This Week in Compliance: Credit Suisse settles FCPA charges with the SEC

Laura Sayer

Here’s what’s been going on in the compliance world this week: 


  • Glencore issued a subpoena to hand over documents in FCPA investigation: Glencore, the world’s biggest commodity trader, revealed on Tuesday that it had been issued a subpoena by the U.S. DOJ to hand over documents in an investigation into possible breaches of Foreign Corrupt Practices Act provisions as well as U.S. money-laundering statutes. The documents relate to the company’s activities in Nigeria, the Democratic Republic of Congo, and Venezuela between 2007 and the present day. Glencore said it will review the subpoena and provide documents as appropriate. The company is already facing an investigation by UK authorities over its work with Israeli billionaire Dan Gertler who is a close friend of Congo President Joseph Kabila. A Swiss court ordered companies controlled by Gertler to hand over documents to U.S. Federal prosecutors last December. Upon release of the news, the company’s shares lost 13 percent in value.
  • Beam Suntory resolves FCPA offenses with USD 8 million payment: Beam Suntory agreed on Monday to pay USD 8 million to resolve FCPA charges brought by the Securities and Exchange Commission (SEC) regarding improper payments made by its Indian subsidiary. The subsidiary used third-party promoters and salesmen to make illicit payments to Indian government employees between 2006 and 2012. The expenses were then consolidated and reported In Beam’s books. The charges were resolved through an internal administrative order; the SEC did not go to court. The penalty consists of disgorgement amounting to USD 5.26 million, prejudgment interest of USD 917,000, and a civil penalty of USD 2 million. Beam indicated in 2012 that it had self-reported the conduct following an investigation triggered by a whistleblower.
  • Credit Suisse settles FCPA charges with the SEC: Swiss banking giant Credit Suisse and its Hong Kong subsidiary agreed on Thursday to settle FCPA charges by paying a combined USD 76.7 million to the SEC and DOJ. Of that amount, USD 47 million represents a criminal penalty imposed by the DOJ last month. In its settlement with the SEC, the bank agreed to disgorge USD 24.9 million in profits in addition to USD 4.9 million in prejudgment interest. The absence of the imposition of a civil penalty by the SEC could be a reflection of the new ‘no-piling on’ policy. The SEC settlement was reached through an internal SEC administrative order; the agency did not go to court.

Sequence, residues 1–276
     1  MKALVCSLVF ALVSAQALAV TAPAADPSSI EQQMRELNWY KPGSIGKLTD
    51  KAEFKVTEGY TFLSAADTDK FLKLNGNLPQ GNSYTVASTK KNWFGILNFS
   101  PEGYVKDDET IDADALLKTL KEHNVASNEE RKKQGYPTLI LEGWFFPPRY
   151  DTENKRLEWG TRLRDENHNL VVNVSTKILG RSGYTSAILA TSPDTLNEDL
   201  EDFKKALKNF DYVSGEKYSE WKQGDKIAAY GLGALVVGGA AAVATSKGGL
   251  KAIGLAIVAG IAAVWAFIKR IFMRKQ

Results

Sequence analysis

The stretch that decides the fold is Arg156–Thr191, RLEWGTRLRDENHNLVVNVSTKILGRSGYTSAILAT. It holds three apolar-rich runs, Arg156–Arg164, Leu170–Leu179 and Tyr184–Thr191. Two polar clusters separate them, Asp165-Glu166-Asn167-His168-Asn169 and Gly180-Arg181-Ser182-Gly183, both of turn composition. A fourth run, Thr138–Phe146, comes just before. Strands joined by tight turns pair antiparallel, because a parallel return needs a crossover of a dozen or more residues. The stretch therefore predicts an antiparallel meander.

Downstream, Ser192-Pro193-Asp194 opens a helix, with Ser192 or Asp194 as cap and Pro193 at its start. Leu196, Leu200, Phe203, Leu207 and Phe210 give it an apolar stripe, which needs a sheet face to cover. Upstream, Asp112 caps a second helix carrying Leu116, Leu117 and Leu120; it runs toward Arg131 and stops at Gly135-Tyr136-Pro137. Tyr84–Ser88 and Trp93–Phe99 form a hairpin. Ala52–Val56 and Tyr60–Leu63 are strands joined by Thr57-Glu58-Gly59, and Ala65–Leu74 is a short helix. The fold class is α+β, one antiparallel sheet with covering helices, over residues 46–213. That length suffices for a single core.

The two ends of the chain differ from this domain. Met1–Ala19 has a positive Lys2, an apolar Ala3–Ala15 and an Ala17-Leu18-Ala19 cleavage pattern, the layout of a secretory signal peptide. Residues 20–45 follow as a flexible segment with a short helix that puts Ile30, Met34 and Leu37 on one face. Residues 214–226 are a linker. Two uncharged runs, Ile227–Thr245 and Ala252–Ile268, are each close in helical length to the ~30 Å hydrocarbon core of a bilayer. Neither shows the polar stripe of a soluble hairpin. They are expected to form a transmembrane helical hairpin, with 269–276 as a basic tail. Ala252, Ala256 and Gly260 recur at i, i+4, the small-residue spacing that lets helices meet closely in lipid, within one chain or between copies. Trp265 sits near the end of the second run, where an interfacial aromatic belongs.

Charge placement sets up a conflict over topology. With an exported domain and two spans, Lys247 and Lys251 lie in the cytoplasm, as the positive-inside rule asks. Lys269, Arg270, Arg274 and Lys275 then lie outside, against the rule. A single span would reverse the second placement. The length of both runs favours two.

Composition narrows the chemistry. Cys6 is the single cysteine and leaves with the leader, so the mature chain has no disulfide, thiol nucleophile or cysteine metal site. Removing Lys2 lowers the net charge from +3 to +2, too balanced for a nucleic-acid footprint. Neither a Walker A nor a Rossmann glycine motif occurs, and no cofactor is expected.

• Former Brazilian mining and oil magnate jailed for bribery: Eike Batista, once Brazil’s richest man, was convicted Tuesday on charges of bribery of Rio de Janeiro state’s former governor. Batista was found guilty of paying USD 16.5 million in bribes to former governor Sergio Cabral, who was also found guilty in the case. In return for the bribes, Batista’s companies won state contracts, including prestigious contract for operating Brazil’s most famous soccer stadium the Maracana, where the 2014 World Cup finale was played. A quarter of the bribes was paid in cash and the rest was paid in shares of state-run oil company Petrobras, as well as mining company Vale SA among others. The conviction was the sixth for Cabral, who has now been sentenced to over 120 years of imprisonment.